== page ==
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Extremely wet ground could call for more fallen trees

The storms and heavy rain of the past few weeks have made the ground more saturated. This could make those trees in your yard more susceptible to toppling over.

HUNTSVILLE, Ala. — City Arborist, Marc Byers says he has seen more fallen trees since the last storm. He also speaks on what to look out for before and after a storm and who to call when you find yourself in a situation with a fallen tree.

"This last storm we had a significant increase over the average for the winter," said Byers.

While those trees were of many different species, some trees are more prone to storm damage - but there are things to look out for in all trees.

"All trees are susceptible, but some trees tend to be heavily damaged in storms, and this is a Hackberry and this is one of the primary contributors to storm damage cleanups. They tend to grow with multiple large stems that fail, this is a typical spot for a tree, a Hackberry tree to fail, and we see a lot of that in bad weather," said Byers as he was pointing to a Hackberry tree. 

RELATED: Fallen tree blocks road, damages cars at Athens courthouse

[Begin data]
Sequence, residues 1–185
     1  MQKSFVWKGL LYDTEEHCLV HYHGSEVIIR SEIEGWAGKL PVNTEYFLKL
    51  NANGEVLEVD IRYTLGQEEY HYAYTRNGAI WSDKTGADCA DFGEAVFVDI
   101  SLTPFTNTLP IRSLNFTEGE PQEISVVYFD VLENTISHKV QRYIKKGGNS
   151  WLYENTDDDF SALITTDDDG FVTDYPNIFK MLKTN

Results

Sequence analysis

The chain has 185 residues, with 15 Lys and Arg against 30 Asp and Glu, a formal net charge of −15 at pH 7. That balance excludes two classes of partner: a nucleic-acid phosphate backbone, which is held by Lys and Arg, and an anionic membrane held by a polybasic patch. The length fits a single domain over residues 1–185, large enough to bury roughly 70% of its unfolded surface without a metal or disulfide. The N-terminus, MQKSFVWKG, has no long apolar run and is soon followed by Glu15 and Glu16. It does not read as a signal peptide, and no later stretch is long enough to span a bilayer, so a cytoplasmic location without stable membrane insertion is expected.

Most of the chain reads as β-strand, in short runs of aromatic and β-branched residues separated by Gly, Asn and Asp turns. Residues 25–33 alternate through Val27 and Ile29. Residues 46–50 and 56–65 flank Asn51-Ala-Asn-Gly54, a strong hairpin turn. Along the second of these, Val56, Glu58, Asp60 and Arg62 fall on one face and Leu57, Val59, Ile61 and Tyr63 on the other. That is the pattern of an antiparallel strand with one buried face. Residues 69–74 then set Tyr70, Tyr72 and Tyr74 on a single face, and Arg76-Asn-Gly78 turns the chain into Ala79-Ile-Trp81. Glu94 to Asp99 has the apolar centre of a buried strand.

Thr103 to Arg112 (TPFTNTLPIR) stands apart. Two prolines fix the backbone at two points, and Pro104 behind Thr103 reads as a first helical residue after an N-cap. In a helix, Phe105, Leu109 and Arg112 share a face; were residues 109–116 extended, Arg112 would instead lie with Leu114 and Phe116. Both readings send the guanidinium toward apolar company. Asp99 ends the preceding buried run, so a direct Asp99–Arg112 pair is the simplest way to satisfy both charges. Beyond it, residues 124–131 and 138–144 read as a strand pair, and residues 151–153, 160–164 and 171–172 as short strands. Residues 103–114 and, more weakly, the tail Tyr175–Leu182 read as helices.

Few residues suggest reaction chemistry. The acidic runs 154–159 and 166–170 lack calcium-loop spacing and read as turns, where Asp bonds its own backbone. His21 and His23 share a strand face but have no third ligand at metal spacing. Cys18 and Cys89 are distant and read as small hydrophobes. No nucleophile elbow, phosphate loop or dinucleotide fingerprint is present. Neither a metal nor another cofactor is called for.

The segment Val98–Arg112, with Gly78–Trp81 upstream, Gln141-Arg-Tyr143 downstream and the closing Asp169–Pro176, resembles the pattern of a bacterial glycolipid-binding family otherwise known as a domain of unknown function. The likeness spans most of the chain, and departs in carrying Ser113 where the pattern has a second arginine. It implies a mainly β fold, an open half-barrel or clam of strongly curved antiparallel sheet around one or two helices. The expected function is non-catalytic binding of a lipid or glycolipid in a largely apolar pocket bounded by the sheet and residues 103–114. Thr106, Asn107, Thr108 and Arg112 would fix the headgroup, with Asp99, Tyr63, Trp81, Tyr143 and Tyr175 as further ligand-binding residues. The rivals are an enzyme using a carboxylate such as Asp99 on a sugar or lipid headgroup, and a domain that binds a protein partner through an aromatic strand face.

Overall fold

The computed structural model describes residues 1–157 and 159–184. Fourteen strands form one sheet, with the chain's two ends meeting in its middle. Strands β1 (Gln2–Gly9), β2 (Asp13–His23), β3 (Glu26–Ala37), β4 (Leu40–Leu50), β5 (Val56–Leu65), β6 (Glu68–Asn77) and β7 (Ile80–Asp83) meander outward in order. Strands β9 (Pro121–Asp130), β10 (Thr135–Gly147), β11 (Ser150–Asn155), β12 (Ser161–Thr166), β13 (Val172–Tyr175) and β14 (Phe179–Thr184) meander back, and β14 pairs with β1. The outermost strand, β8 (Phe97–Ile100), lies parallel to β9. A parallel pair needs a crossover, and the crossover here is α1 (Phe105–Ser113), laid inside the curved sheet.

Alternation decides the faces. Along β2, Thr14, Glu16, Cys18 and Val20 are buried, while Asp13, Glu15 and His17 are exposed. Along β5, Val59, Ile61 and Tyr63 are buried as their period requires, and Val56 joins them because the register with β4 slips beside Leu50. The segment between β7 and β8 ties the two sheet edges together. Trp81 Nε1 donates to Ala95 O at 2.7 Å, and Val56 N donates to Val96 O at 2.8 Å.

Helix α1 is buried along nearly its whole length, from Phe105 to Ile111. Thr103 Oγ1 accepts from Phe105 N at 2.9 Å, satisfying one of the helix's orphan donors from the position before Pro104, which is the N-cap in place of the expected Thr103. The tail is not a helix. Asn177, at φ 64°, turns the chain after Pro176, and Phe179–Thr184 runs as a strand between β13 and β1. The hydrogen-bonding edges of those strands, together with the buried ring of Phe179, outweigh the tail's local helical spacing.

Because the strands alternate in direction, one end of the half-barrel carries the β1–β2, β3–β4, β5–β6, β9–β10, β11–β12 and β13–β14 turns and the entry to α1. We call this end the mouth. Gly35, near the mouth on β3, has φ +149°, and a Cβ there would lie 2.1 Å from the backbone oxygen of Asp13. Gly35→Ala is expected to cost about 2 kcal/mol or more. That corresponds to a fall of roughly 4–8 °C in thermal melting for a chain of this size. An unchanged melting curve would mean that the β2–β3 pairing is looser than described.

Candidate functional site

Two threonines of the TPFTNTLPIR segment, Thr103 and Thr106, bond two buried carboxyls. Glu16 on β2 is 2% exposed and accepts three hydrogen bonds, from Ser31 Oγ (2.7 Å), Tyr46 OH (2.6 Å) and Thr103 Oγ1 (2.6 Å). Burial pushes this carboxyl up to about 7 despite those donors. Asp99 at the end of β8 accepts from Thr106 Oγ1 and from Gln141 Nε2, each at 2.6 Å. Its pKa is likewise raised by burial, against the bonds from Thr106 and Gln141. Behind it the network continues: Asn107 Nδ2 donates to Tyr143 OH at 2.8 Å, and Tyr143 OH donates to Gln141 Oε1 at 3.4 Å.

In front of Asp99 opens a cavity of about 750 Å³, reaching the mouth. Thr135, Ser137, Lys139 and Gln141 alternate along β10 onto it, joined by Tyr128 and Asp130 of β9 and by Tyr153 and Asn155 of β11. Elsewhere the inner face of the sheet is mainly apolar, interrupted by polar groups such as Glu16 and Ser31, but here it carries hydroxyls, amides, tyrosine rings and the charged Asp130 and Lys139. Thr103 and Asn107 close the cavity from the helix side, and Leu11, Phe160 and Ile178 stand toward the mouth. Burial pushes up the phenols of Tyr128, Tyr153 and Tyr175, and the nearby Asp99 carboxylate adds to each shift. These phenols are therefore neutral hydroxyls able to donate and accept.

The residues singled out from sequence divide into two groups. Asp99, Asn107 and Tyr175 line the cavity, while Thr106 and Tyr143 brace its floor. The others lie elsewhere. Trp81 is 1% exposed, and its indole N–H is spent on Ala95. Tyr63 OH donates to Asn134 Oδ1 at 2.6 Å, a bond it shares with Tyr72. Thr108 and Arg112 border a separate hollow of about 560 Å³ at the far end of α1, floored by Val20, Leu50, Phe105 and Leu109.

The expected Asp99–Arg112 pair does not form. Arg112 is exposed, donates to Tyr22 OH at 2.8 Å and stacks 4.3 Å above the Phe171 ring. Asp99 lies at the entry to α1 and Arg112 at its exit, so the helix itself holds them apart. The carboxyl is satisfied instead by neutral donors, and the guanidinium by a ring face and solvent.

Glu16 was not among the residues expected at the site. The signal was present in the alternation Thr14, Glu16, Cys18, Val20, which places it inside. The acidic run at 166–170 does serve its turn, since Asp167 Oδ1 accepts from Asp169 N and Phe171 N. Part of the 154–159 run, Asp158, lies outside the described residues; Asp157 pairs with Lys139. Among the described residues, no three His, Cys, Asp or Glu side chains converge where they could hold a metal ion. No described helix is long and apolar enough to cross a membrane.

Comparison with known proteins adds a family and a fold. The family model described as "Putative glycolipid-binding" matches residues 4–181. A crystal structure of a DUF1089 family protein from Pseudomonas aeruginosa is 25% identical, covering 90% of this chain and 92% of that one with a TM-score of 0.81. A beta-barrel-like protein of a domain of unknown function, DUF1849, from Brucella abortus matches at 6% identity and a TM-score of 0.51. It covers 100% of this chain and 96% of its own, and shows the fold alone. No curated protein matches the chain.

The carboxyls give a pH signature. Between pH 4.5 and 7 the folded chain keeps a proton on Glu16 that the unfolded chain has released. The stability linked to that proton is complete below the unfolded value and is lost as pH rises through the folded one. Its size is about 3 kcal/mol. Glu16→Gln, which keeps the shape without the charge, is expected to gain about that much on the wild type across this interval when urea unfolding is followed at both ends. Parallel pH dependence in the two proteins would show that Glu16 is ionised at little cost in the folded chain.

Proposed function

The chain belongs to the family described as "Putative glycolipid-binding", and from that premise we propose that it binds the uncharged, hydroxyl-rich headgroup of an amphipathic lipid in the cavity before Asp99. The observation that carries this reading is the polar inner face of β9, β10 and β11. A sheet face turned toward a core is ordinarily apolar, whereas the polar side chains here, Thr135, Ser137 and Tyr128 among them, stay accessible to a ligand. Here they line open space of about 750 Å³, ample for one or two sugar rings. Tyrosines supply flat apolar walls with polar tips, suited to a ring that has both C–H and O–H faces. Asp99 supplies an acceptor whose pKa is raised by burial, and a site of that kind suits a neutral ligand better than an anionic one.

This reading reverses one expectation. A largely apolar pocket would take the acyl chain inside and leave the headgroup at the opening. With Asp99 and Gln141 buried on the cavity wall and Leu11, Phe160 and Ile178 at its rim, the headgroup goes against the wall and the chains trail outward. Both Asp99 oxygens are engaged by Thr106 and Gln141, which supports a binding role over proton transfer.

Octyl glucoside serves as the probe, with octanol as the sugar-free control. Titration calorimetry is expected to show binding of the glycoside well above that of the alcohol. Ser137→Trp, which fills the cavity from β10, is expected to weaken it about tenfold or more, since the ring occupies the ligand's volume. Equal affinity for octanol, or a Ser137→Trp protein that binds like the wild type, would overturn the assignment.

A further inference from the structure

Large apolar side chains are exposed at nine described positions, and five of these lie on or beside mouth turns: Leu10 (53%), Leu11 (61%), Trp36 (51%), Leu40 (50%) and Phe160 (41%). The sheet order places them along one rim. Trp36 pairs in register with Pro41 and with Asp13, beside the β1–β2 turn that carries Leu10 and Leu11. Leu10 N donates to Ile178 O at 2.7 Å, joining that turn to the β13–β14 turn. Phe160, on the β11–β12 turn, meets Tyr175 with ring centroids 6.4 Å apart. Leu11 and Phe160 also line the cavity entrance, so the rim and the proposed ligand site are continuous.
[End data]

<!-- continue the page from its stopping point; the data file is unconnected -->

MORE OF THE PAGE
Byers said there is not much you can do right now, but once these spring showers go away, there is something you can do to prepare for bad weather in the future.

"The tip to manage trees in your yard is to anticipate the things you'll be worried about before an event comes, which helps you sleep more peacefully through the event. Have the tree evaluated by a professional, we recommended ISA certified professionals," said Byers.

Extremely wet ground and decaying tree bark are red flags to look out for. You should also look for changes in the tree, such as widening cracks or heaving ground, if you see this before or after a storm, it's best to call somebody immediately.

RELATED: Severe weather safety tips from ADPH

So, who do you call?

"If the powers involved at all, Huntsville Utilities first, because of power safety. Stay away from any down lines and contact Huntsville Utilities. If there are no power lines involved, you can contact my office, the city arborist or city hall," said Byers. 

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